Thursday, January 22, 2015

Gender inequality as a human issue, not a women's issue

I have always firmly believed that gender equality is not just a women's issue. Living in a world of economic, social, and political inequality between the sexes affects the quality of life for all persons -- male and female, child and adult. The disadvantages for women with regard to gender inequality are more obvious, and we have touched on many of them in our recent classroom discussions: lower salaries as compared to males, the need to make a "choice" between family and career, and underrepresentation in the political sphere, to name a few. However, males are also adversely affected by gender inequality. Men who do not fulfill male stereotypes may feel emasculated by society, or may have trouble advancing in their careers or displaying sensitivity. Children who grow up in families where gender norms persist will likely have less interaction with their fathers, higher expectations of their mothers, and may feel neglected by one or both parents as a result.

Of course, these examples speak mainly to the experience of many middle- to upper-class persons in developed countries. But gender inequality is also a global issue. In some countries, the effects of gender inequality are much more dramatic -- for example, the practice of female genital mutilation in various regions of Africa and the stoning of female adulterers in parts of the Middle East.

One of the things that I have been struggling with since my feminist awakening is what seems to be a general sense of apathy among my male friends to the problem of gender inequality. Of course, when I ask my male friends whether they think gender inequality is a problem and whether something should be done about it, they invariably say "yes," and I don't doubt that they mean it. But most of my male friends seem unwilling to speak up in support of female advancement. On the rare occasion that I post an article with feminist undertones on social media, I receive plenty of recognition from females, but I rarely (if ever) receive comments or "likes" from my male friends. Moreover, anytime I speak about a particular instance of gender inequality in the media or my personal experience, my female friends are always more impassioned about the injustice of the situation. They take a more proactive approach, speaking in terms of what can or should be done. Most of my male friends may sympathize, but they (and the conversation) move on quickly. In these instances, I feel genuinely depressed about what seems to be a lack of meaningful support from my male peers. For some, perhaps their apparent disinterestedness has more to do with their uncertainty as to how they can contribute to the feminist dialogue.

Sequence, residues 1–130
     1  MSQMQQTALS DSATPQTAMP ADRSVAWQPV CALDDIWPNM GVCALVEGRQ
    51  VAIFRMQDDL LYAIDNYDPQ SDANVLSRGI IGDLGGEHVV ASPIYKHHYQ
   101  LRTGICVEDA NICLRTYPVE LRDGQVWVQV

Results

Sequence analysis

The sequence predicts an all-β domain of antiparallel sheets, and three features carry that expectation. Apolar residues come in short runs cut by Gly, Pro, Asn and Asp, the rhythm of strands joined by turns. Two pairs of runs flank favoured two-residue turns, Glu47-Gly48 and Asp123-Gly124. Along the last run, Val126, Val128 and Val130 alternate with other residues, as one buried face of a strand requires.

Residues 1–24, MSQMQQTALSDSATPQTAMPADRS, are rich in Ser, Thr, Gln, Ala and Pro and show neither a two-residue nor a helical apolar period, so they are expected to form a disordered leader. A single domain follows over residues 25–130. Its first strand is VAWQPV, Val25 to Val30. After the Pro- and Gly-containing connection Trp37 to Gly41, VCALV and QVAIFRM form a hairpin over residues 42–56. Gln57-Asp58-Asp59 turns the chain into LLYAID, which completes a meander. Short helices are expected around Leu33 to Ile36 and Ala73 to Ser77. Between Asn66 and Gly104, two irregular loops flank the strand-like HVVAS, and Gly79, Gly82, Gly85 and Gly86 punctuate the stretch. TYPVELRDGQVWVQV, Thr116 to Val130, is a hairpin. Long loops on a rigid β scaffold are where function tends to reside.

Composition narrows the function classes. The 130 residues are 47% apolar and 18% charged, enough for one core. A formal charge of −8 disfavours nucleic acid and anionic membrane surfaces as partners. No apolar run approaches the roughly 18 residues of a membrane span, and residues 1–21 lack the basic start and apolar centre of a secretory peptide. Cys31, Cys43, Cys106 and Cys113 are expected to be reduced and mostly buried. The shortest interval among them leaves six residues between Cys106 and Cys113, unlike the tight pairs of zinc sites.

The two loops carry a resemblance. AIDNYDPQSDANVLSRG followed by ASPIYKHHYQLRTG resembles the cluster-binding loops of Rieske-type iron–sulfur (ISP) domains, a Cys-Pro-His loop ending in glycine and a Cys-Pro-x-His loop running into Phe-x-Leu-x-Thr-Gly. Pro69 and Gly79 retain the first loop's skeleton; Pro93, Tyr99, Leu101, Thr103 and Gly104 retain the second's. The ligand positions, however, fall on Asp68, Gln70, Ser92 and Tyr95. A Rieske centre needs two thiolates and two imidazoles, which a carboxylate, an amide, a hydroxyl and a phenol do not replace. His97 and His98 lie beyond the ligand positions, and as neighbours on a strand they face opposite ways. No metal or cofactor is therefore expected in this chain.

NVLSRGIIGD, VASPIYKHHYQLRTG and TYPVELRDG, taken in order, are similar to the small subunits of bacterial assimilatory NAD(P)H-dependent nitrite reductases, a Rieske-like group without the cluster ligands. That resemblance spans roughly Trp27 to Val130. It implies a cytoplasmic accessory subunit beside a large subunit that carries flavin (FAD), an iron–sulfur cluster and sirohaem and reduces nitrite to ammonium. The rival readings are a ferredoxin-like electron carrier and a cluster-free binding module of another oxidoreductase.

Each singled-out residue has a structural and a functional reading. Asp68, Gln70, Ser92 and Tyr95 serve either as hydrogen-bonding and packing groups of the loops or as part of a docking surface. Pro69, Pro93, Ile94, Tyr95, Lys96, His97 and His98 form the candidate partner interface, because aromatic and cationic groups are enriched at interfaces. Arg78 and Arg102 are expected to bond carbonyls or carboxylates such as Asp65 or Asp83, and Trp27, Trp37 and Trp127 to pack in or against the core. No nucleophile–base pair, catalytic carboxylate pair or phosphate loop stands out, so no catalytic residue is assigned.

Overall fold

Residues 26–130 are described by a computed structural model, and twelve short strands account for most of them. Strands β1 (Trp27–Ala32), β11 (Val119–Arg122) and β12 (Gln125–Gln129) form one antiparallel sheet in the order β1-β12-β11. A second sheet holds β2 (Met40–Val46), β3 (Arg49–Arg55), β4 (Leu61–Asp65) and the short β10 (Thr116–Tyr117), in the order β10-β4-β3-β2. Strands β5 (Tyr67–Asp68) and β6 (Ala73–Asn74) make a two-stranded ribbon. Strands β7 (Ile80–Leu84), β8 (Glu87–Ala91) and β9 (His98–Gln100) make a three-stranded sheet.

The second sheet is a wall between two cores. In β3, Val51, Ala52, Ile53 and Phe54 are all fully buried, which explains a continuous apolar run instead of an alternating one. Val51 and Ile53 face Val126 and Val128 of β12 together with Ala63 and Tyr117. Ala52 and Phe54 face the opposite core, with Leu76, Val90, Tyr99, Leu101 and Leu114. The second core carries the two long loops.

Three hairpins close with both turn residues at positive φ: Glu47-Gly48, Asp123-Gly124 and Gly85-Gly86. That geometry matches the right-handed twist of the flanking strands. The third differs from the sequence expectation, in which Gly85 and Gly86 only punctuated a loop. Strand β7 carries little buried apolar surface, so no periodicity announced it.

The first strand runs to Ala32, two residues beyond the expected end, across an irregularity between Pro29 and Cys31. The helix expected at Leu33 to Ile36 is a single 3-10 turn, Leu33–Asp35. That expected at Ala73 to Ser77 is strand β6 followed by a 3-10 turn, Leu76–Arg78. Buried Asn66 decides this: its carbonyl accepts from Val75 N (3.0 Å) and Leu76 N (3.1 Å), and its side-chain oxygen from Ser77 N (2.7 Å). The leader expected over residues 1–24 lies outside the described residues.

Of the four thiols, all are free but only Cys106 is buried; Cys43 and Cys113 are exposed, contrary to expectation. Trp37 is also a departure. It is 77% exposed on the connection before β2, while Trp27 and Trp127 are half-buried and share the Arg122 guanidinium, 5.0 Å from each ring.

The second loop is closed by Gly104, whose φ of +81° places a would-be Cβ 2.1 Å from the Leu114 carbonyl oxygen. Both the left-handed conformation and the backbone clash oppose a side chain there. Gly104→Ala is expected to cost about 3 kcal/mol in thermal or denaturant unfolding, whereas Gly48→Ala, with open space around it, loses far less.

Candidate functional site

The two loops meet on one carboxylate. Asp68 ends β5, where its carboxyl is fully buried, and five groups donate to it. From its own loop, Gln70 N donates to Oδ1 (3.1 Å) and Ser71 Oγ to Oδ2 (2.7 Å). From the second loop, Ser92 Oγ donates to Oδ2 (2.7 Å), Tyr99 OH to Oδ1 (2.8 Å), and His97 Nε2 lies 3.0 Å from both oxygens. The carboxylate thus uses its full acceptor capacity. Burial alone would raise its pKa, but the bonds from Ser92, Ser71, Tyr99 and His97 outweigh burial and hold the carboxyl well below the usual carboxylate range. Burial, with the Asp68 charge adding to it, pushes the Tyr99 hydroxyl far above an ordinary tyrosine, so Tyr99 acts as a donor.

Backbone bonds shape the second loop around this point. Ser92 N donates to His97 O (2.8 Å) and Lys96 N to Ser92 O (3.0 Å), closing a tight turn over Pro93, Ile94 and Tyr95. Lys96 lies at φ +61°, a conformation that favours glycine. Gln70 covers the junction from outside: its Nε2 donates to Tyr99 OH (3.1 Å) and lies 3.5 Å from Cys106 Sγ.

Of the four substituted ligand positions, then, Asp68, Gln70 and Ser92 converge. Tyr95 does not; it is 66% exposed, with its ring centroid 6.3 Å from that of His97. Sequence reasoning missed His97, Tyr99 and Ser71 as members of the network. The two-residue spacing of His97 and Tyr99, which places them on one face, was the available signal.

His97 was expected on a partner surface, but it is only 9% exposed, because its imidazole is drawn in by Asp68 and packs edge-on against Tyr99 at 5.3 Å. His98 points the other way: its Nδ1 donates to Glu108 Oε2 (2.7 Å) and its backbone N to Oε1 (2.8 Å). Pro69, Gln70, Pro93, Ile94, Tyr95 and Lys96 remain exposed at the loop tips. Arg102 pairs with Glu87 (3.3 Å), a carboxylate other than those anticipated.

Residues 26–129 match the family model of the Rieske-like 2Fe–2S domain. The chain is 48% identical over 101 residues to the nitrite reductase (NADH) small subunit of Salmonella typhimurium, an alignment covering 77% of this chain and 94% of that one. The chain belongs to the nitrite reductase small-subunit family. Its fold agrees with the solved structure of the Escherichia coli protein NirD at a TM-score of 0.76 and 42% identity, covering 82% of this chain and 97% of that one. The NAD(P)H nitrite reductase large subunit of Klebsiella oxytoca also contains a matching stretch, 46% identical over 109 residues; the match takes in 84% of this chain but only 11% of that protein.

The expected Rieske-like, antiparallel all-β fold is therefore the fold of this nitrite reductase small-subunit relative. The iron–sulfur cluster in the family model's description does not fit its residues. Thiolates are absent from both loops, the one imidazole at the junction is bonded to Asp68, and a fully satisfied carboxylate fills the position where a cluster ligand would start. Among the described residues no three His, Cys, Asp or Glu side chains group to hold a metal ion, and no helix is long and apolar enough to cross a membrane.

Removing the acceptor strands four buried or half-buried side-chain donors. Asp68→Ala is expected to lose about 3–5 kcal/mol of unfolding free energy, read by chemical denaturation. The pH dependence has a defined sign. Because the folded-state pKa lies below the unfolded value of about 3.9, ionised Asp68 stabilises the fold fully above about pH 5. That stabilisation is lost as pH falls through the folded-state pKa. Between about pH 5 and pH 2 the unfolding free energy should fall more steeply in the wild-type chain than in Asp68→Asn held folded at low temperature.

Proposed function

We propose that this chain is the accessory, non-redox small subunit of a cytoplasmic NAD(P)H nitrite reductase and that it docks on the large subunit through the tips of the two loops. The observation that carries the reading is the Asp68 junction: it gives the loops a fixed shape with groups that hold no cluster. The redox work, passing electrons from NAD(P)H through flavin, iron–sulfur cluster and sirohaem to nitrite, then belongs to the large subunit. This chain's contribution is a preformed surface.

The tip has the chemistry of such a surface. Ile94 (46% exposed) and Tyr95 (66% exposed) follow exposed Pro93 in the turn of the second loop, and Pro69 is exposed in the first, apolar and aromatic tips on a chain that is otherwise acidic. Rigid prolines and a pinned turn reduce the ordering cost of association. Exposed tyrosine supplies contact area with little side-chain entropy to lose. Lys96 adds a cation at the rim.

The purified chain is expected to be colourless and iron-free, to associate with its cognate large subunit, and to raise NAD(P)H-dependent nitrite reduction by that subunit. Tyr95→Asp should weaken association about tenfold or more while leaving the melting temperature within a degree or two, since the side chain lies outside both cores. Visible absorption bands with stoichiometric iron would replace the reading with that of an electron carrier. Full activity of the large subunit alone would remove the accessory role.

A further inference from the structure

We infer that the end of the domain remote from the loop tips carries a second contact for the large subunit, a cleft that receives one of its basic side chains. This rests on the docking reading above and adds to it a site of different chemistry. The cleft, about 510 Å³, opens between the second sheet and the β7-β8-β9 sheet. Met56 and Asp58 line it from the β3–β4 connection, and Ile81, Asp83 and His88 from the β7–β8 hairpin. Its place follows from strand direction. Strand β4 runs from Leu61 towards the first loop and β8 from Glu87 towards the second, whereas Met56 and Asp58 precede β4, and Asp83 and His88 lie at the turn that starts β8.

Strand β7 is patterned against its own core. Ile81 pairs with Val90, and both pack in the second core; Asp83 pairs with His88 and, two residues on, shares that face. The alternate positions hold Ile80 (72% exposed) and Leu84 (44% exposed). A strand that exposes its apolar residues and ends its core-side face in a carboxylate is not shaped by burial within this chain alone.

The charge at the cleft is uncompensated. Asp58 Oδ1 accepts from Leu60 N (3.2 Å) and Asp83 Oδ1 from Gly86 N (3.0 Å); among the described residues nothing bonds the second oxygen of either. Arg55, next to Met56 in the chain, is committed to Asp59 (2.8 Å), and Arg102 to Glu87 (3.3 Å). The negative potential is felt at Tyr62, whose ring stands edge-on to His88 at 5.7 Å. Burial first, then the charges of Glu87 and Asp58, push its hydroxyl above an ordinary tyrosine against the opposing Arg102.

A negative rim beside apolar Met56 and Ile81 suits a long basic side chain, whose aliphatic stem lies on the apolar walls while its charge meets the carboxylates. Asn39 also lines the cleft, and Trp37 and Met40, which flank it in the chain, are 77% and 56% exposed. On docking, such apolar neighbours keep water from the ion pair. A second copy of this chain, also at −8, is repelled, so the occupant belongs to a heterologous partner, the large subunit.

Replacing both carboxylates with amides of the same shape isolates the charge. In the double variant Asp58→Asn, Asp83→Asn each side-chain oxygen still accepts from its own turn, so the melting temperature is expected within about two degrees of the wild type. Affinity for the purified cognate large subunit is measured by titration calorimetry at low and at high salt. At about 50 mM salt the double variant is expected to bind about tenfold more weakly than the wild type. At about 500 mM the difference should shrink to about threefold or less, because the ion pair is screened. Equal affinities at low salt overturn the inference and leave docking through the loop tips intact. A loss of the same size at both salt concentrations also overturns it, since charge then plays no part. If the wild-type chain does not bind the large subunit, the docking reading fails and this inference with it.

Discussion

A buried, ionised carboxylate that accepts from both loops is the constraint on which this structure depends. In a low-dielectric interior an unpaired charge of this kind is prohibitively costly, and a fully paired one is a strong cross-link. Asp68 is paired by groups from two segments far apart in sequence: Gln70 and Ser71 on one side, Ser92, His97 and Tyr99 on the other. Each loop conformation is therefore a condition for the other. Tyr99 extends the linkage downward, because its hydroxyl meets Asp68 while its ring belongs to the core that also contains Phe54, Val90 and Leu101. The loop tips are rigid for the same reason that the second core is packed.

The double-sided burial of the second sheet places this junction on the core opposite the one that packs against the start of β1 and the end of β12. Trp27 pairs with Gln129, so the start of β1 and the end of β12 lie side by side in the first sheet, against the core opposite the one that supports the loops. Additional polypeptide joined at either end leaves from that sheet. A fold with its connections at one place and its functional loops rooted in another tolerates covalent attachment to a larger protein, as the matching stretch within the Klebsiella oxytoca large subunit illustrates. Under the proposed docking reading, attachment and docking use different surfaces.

In September, actress and UN Women Goodwill Ambassador Emma Watson (best known for her role in the Harry Potter series) gave a speech at the UN that resonated deeply with me. Among other things, she spoke about the adverse impacts of gender inequality on males and children, and the importance of male participation in the feminist movement. Her speech (which you can watch here) shed a spotlight on the UN HeForShe campaign, which defines itself as follows:
HeForShe is a solidarity movement for gender equality developed by UN Women to engage men and boys as advocates and agents of change for the achievement of gender equality and women’s rights. The campaign encourages them to speak out and take action against inequalities faced by women and girls.